Finance minister Nirmala Sitharaman will be presenting her fourth budget today amid expectations that measures could be announced in it to provide relief from inflation to the common man and provide incentives for job creation.
However let us look at some of the key figures which need to be watched out for in the budget.
Fiscal Deficit: It is basically the difference between government’s spending and income. In the budget for 2021-22, Ms Sitharaman had in the wake of the pandemic discarded the government’s fiscal consolidation roadmap to reach a fiscal deficit of 3 per cent of GDP, but announced its medium-term objective to reduce the fiscal deficit to 4.5 per cent of GDP by 2025-26. She had pegged the fiscal deficit target at 6.8 per cent of GDP for 2021-22 as against 9.2 per cent in the previous fiscal.
In the first eight months of 2021-22, the government’s fiscal deficit stood at 46.2 per cent of the full-year target.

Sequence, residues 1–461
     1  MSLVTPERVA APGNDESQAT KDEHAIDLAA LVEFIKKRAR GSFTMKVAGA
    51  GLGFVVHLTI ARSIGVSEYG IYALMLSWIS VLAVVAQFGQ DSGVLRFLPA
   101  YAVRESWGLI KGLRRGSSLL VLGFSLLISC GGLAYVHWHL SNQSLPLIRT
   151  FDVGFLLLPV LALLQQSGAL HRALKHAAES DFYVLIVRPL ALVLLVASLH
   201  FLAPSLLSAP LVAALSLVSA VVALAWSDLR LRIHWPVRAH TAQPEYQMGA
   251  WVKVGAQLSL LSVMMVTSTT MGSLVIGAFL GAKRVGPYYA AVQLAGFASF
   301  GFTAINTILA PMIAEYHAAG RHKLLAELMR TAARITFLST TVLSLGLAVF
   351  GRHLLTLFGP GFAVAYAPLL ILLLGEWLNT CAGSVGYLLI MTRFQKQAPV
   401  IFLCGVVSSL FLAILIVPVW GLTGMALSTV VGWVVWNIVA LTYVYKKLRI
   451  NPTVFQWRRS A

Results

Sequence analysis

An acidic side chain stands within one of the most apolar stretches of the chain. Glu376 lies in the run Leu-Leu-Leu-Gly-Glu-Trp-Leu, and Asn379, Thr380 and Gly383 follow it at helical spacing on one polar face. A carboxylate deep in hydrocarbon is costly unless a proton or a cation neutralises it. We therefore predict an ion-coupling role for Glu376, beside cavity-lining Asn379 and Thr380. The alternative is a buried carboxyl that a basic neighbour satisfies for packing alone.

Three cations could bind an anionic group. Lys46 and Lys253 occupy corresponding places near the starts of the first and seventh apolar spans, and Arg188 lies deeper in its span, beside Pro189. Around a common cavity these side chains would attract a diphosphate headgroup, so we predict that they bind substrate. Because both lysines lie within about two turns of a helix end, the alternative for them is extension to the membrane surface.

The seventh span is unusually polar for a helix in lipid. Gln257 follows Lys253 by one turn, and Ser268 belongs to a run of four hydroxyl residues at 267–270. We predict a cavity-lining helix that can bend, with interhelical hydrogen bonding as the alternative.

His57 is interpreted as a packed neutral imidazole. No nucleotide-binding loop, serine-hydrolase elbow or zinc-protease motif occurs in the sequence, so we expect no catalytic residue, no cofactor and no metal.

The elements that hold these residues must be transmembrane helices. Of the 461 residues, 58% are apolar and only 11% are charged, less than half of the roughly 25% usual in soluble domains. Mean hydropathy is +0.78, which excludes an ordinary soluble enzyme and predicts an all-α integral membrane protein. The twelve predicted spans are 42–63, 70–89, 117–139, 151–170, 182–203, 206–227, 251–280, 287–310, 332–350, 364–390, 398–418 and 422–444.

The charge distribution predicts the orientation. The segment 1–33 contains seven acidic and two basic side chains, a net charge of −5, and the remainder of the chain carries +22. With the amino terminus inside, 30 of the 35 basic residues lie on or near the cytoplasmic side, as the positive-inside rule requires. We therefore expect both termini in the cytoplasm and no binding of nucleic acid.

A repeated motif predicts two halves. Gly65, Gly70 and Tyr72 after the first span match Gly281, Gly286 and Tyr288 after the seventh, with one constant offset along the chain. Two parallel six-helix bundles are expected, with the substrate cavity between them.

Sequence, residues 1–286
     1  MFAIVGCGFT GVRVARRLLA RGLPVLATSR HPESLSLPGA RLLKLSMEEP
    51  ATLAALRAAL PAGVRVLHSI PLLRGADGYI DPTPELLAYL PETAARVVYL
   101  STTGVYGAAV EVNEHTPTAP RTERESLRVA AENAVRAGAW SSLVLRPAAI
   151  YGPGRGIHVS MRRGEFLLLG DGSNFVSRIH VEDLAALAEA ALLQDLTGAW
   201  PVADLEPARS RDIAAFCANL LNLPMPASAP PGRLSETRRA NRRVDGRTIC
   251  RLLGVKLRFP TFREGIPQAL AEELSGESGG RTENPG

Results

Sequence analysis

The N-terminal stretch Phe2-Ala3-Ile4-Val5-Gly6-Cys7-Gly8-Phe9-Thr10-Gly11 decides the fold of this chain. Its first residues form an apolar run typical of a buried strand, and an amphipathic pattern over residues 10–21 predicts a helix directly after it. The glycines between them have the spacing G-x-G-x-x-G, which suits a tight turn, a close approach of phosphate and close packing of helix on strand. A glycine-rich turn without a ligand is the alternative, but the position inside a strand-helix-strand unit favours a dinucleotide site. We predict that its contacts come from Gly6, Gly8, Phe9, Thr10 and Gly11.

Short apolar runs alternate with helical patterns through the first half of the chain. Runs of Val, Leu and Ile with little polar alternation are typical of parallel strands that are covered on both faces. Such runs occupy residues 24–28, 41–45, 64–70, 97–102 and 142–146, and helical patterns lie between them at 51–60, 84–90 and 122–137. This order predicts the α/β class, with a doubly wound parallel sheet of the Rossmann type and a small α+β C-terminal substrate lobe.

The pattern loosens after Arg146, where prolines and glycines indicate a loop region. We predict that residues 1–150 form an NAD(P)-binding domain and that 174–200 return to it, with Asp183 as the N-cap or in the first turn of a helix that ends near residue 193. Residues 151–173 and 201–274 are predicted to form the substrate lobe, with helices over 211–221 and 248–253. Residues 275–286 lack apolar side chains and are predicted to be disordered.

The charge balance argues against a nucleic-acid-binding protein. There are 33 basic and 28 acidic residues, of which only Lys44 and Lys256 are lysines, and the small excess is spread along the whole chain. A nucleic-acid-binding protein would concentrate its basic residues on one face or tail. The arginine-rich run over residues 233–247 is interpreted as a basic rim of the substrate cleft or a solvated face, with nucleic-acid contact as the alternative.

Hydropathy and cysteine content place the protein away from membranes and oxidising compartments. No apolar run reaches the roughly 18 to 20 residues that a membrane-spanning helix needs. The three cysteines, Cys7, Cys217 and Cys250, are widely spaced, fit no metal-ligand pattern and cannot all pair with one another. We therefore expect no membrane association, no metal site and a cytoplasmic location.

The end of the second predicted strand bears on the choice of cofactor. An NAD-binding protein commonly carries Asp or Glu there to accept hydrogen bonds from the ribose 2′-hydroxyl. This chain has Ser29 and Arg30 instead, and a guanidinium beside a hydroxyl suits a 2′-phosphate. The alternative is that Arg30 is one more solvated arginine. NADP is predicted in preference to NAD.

Covid Spending: India had started the world’s largest Covid vaccination programme on January 16, 2021. The expenditure on the entire programme in the next fiscal would be the most-watched figures in the budget. The budget estimate for vaccine expenditure for the current fiscal was Rs 35,000 crore.
Disinvestment Figure: The government has rarely met the high disinvestment targets set in previous budgets. With the focus on privatisation and keeping in mind fiscal consolidation and capital expenditure, the number would be closely watched.
Capital Expenditure: The government’s planned capital expenditure for this fiscal is budgeted at over Rs 5.5 lakh crore. The government has to push infrastructure creation and this number would be in focus for the next fiscal too.
Tax Revenue: The government has budgeted a 9.5 per cent growth in tax collections at Rs 22.2 lakh crore for the 2021-22 fiscal (April-March, 2022). With the economic survey projecting a GDP growth of 8-8.5 per cent in the next fiscal, the buoyancy in tax revenue too would be closely watched.
Borrowing: The government’s gross borrowing budget was at Rs 12.05 lakh crore, while net borrowing was pegged at Rs 9.37 lakh crore in the current financial year ending March 31. The government borrows from the market to fund its fiscal deficit and the borrowing number would be watched by the market, especially on the back of expected higher capital expenditures to boost growth.